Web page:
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Purple Mountain Observatory Guide

-Travel to Purple Mountain Observatory

Purple Mountain Observatory, also known as Zijinshan Astronomical Observatory, is an astronomical observatory located on the third peak of Zijinshan Mountain (' ?) in Nanjing, China.
The Purple Mountain Observatory (PMO) evolved from the former Institute of Astronomy, which was established in 1928 as one of the firsteightinstitutes of the Academia Sinica. In 1934, the institute completed the construction of the observatory atPurple Mountain in Nanjingand the Institute of Astronomy changed its name toPMO in 1950. PMO is known as the “Cradle of Modern Astronomy in China” not only because it was China’sfirst modern astronomical institute, but also because it was the originator of most subdisciplines of Chinese astronomy and the sponsor of subsequentCAS astronomical institutions. Of milestone significance, it symbolizes the threshold of Chinese modern astronomy.

At the beginning, the observatory enjoyed a great reputation for its splendid architectures, rare apparatus and abundant books. The 60-centimeter-caliber reflecting telescope, the20-centimeter-caliber refracting telescope (both made in Germany) and the meridian transit made by Swiss were almost the most advanced equipment of the time. And they are still housed here. Now, it is well equipped with modern facilities used for doing experiments and observing the sun, the moon, the planets, the fixed stars and satellites.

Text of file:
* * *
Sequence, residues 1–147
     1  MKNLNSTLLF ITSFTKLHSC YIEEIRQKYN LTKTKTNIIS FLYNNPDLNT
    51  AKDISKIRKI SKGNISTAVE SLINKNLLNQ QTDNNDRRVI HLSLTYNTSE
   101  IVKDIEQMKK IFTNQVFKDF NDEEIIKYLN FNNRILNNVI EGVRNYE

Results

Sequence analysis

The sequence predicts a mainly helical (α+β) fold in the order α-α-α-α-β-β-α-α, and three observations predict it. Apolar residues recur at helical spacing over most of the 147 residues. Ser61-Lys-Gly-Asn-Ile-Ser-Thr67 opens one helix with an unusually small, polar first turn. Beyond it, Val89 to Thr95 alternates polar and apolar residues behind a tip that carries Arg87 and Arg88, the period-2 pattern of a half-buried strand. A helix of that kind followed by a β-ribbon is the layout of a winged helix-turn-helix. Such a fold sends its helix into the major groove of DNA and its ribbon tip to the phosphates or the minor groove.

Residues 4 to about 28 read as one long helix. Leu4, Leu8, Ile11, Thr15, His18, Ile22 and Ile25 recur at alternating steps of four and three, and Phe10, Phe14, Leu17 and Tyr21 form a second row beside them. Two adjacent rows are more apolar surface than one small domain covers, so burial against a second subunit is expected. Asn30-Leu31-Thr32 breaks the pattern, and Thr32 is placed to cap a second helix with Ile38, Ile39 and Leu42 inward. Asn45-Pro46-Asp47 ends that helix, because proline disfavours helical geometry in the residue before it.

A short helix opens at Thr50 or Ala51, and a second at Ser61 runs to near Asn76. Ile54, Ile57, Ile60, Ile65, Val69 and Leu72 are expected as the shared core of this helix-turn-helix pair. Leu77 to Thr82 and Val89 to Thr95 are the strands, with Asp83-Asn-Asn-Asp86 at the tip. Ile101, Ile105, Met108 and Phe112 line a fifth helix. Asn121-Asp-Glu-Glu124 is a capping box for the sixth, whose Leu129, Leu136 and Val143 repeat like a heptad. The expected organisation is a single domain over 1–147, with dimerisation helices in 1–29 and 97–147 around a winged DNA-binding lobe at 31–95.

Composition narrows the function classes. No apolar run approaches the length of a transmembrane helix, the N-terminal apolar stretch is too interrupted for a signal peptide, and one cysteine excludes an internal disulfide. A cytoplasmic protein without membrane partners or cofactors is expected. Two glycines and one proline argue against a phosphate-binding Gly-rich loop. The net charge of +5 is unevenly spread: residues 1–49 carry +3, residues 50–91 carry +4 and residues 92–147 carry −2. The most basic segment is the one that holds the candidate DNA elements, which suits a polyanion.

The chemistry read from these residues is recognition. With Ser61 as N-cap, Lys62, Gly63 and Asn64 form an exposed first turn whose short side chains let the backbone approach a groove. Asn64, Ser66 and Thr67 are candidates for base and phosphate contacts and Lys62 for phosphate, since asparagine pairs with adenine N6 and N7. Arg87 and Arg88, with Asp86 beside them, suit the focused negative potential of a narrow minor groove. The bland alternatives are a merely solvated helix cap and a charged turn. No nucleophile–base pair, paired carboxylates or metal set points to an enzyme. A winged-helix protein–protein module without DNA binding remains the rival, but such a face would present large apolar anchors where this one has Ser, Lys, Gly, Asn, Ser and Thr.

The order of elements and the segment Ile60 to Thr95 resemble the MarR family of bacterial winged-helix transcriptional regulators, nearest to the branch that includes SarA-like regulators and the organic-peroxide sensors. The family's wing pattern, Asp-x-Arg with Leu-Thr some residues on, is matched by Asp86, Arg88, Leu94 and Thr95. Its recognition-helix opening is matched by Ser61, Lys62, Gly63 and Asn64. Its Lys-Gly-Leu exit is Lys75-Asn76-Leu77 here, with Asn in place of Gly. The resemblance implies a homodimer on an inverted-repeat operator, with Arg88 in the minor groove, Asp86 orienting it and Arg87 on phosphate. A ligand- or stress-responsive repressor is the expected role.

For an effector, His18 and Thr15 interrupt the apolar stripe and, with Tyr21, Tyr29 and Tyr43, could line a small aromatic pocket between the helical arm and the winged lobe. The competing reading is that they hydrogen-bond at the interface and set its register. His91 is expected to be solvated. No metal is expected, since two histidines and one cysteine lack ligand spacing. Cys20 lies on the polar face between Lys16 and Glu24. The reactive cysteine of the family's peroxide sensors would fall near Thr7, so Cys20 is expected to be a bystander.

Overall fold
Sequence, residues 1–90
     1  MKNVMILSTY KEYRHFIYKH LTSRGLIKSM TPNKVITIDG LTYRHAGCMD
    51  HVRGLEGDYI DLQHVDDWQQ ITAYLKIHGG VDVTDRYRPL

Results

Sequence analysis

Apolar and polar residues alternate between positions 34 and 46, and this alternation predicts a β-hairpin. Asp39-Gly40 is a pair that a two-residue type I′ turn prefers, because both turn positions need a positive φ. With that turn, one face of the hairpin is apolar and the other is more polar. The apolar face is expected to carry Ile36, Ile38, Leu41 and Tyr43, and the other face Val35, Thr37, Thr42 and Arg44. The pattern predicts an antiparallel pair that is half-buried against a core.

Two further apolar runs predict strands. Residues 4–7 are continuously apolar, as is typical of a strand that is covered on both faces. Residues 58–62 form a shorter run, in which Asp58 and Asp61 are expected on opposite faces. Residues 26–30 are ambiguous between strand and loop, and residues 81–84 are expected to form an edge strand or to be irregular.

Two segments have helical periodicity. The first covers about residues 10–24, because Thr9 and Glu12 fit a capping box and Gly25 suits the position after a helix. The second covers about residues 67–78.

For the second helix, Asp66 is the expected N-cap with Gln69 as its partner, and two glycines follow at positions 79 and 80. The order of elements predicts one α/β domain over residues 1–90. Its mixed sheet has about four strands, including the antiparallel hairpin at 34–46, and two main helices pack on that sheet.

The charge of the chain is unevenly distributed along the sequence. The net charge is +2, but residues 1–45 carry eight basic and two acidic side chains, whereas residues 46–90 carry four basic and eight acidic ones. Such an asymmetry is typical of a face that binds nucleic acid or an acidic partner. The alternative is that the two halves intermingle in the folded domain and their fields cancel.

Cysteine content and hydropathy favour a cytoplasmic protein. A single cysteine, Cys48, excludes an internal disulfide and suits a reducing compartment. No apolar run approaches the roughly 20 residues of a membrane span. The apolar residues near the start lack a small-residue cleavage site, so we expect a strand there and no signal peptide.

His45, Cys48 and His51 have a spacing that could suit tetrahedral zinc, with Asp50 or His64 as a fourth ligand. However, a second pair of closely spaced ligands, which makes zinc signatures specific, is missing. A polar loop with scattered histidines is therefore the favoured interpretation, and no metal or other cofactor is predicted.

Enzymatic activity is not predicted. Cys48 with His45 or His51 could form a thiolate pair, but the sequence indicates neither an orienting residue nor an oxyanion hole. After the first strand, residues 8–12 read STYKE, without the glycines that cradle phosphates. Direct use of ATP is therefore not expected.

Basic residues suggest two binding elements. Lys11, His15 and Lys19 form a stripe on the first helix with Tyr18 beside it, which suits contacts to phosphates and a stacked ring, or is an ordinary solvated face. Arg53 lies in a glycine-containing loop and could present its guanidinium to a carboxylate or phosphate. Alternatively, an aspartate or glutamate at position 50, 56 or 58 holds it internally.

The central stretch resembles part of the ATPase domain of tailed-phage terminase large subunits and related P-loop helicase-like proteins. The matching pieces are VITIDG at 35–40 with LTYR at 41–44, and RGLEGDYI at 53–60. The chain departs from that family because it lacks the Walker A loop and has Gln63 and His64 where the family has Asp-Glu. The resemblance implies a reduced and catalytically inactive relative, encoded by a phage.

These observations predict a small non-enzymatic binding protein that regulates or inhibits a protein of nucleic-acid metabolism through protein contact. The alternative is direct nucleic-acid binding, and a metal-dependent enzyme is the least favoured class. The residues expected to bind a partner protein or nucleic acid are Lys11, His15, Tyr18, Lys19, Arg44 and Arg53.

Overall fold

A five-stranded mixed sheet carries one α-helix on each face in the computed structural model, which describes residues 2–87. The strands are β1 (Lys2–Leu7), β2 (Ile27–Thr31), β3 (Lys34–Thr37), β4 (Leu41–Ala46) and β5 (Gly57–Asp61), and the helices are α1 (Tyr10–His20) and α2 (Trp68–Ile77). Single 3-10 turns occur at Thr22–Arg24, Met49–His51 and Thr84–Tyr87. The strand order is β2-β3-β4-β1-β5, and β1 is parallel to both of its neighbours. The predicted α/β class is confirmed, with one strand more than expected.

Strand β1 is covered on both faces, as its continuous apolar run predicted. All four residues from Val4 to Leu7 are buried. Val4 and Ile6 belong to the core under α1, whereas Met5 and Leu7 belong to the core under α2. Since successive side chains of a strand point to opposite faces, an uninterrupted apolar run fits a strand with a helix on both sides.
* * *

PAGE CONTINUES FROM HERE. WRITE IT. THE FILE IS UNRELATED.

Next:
What's more, many ancient astronomical apparatus made of bronze are also displayed here, including Armillary Sphere, Simplified Armillary Sphere and Gnomon of the Ming Dynasty (1368-1644) and Celestial Globe and Altazimuth of the Qing Dynasty (1644-1911). Armillary Sphere, designed by Zhang Heng in the Eastern Han Dynasty (25-220), was used to determine the position of the stars. Simplified Armillary Sphere, as its name indicates, is the amelioration of Armillary Sphere. It is designed by astronomer Guo Shoujing in the Yuan Dynasty (1271-1368). Gnomon, having a history of more than 3000 years, was used to measure the shadow of the sun and determine the solar terms and number of days of a year. China is the first country to know that there are 365.25 days in a year.
The Nanjing Astronomy and History Museum is within the observatory itself. It's the first museum of its kind in China. The museum has three exhibition halls, displaying full and accurate data and pictures. Here you will feel the immensity of the universe and the smallness of human beings.

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